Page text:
3.8 Every quarter, the Department of Commerce prepares an electronic newsletter for
            distribution to local economic developers and other allies. The newsletter contains
            updates from the Commerce divisions of Business Solutions, Business
            Development, Community and Rural Development, Grants, Railways, and
            Aeronautics. The goal of the newsletter is to keep Commerce's allies better
            informed of agency happenings that may be of interest or have relevance to their
            own economic development activities.

        3.9 The Department of Commerce works hard to collaborate with other state entities.
            The CDBG program works with the State Housing Authority to assist non-profit
            customers to understand the unique needs of their separate customers. The
            Coordinating Council staff meets monthly with the Technical College presidents
            to make sure retraining needs of industry are met.



South Carolina Department of Commerce 2003-2004 Accountability Report                       18
     Category 4 – Information and Analysis

        4.1 Each fall the Department annually asks companies across the state to complete its
            Capital Investment Survey. Findings from this survey are crosschecked with
            newspaper articles and follow-up phone calls.

        4.2 Marketing and Research are constantly analyzing business trends. This group
            assists Project Managers with proposals from prospective companies. These
            proposals are complex and require census, educational, workforce, quality of life
            and local suppliers information and can be presented in GIS formats. This group
            also works to analyze prospect, cold call leads and cluster information in order to
            determine the best marketing efforts for the department.

        4.3 Business Plan Summaries for each Division were developed. These summaries
            include budget numbers, key bets and updates and strategic initiatives. The Key
            Bets and Strategic Initiatives are tied to the budget. Each month the Division
            Directors met with the Chief of Staff and the Finance Director in order to provide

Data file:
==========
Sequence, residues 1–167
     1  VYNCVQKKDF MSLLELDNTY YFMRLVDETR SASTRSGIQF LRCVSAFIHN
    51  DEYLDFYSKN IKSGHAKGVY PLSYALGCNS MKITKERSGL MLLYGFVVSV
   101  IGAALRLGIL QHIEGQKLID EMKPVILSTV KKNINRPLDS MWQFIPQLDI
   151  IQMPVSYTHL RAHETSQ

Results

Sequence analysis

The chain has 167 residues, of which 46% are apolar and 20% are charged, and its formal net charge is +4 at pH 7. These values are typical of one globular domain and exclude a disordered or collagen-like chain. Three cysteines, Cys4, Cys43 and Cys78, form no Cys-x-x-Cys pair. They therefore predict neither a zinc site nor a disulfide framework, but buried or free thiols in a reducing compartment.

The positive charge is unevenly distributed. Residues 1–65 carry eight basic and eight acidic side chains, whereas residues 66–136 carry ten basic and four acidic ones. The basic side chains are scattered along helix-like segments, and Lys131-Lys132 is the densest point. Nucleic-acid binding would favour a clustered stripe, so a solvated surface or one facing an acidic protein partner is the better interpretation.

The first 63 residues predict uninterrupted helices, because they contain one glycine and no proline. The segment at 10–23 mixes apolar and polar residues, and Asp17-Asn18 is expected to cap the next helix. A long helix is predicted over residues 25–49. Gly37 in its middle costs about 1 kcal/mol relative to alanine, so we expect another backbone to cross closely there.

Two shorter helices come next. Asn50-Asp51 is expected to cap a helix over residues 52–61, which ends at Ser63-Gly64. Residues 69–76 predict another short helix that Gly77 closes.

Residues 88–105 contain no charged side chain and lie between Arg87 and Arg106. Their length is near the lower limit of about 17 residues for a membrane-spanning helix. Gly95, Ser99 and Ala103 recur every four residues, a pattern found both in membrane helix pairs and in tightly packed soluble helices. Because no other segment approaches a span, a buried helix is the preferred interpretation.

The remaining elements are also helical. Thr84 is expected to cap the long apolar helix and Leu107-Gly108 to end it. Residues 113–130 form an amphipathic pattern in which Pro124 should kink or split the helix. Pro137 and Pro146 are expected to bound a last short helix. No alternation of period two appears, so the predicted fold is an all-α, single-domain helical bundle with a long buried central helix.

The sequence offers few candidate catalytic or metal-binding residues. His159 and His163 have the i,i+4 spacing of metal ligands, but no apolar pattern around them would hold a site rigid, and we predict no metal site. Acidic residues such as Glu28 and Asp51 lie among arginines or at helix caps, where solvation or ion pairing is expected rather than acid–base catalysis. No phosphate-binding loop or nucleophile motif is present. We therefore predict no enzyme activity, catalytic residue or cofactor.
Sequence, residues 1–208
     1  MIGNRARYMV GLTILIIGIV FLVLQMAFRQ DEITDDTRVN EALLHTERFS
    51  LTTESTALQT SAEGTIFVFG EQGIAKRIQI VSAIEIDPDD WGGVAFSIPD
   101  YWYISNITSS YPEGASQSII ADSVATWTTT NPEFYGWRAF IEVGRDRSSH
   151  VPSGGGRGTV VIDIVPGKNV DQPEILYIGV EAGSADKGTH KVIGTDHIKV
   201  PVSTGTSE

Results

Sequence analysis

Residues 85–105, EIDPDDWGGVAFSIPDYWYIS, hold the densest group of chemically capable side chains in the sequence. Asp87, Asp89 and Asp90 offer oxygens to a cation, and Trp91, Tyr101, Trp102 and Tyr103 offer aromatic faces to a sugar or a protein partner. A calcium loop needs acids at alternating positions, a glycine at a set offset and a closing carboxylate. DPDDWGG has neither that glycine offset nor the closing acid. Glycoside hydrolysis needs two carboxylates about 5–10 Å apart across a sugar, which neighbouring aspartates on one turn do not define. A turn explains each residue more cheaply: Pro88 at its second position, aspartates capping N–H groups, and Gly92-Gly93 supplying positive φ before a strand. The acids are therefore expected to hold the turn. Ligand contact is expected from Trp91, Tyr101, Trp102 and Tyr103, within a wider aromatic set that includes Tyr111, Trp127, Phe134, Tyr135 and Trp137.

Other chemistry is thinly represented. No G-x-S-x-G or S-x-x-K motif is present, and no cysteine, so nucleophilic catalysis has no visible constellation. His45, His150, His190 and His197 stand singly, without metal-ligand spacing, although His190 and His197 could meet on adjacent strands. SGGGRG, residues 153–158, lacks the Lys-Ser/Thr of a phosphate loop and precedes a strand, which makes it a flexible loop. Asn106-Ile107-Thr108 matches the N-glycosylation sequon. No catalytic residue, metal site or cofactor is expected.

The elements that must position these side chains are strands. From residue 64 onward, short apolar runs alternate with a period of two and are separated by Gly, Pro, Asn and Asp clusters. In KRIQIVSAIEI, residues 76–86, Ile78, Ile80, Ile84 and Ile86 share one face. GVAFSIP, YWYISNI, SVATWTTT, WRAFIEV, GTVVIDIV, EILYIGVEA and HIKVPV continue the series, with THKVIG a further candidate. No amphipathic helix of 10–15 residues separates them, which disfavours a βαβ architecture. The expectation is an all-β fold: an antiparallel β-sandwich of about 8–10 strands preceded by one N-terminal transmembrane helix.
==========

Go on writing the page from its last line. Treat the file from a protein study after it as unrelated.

updates to Key Bets and Strategic Initiatives and to review the division’s budget.
            Each fiscal year the Key Bets and Strategic Initiatives will be reviewed and
            updated. This provides accountability not only for the department but also for the
            businesses and communities that we work with on a day-to-day basis. These
            summaries are used as a “dashboard for the Secretary and Chief of Staff to
            determine the efficiencies and effectiveness of each division.

        4.4 Monthly Financial Reports are completed for each of our grant funds. Quarterly
            reports are issued on these grant funds at the Coordinating Council for Economic
            Development. Senior Leadership and staff use these financial reports to
            determine commitment of funds, balance and pending commitments.

        4.5 Much of the data that has driven the agency is collected internally with very little
            comparison to anything but past years.

        4.6 The Coordinating Council staff is constantly working on cost estimates for the
            Enterprise Zone incentive. These numbers are used to check those done by the
            Budget & Control Board to advise legislators on budget estimates.

        4.7 A Web Site Task Force has been formed to review all of our web sites for
            consolidation. This Task Force is challenged with reviewing all the web site
            content and determining the needs of our customers so that